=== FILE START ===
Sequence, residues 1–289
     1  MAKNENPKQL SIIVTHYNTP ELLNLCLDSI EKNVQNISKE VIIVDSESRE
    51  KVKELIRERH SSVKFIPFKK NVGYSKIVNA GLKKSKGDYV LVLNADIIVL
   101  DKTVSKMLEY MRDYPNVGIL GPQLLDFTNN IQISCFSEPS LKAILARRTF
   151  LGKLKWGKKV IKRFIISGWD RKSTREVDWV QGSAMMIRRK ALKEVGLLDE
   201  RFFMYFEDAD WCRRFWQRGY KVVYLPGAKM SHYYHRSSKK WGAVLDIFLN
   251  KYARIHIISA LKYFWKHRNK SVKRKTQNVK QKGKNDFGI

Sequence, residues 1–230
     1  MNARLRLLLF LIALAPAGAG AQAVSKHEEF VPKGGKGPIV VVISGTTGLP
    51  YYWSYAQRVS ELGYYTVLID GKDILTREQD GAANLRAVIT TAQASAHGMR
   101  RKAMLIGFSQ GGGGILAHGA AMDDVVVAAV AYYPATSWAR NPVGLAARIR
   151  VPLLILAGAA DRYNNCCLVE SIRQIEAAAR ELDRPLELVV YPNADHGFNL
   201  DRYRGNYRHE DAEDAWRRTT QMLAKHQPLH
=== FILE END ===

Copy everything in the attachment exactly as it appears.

Sequence, residues 1–289
     1  MAKNENPKQL SIIVTHYNTP ELLNLCLDSI EKNVQNISKE VIIVDSESRE
    51  KVKELIRERH SSVKFIPFKK NVGYSKIVNA GLKKSKGDYV LVLNADIIVL
   101  DKTVSKMLEY MRDYPNVGIL GPQLLDFTNN IQISCFSEPS LKAILARRTF
   151  LGKLKWGKKV IKRFIISGWD RKSTREVDWV QGSAMMIRRK ALKEVGLLDE
   201  RFFMYFEDAD WCRRFWQRGY KVVYLPGAKM SHYYHRSSKK WGAVLDIFLN
   251  KYARIHIISA LKYFWKHRNK SVKRKTQNVK QKGKNDFGI

Sequence, residues 1–230
     1  MNARLRLLLF LIALAPAGAG AQAVSKHEEF VPKGGKGPIV VVISGTTGLP
    51  YYWSYAQRVS ELGYYTVLID GKDILTREQD GAANLRAVIT TAQASAHGMR
   101  RKAMLIGFSQ GGGGILAHGA AMDDVVVAAV AYYPATSWAR NPVGLAARIR
   151  VPLLILAGAA DRYNNCCLVE SIRQIEAAAR ELDRPLELVV YPNADHGFNL
   201  DRYRGNYRHE DAEDAWRRTT QMLAKHQPLH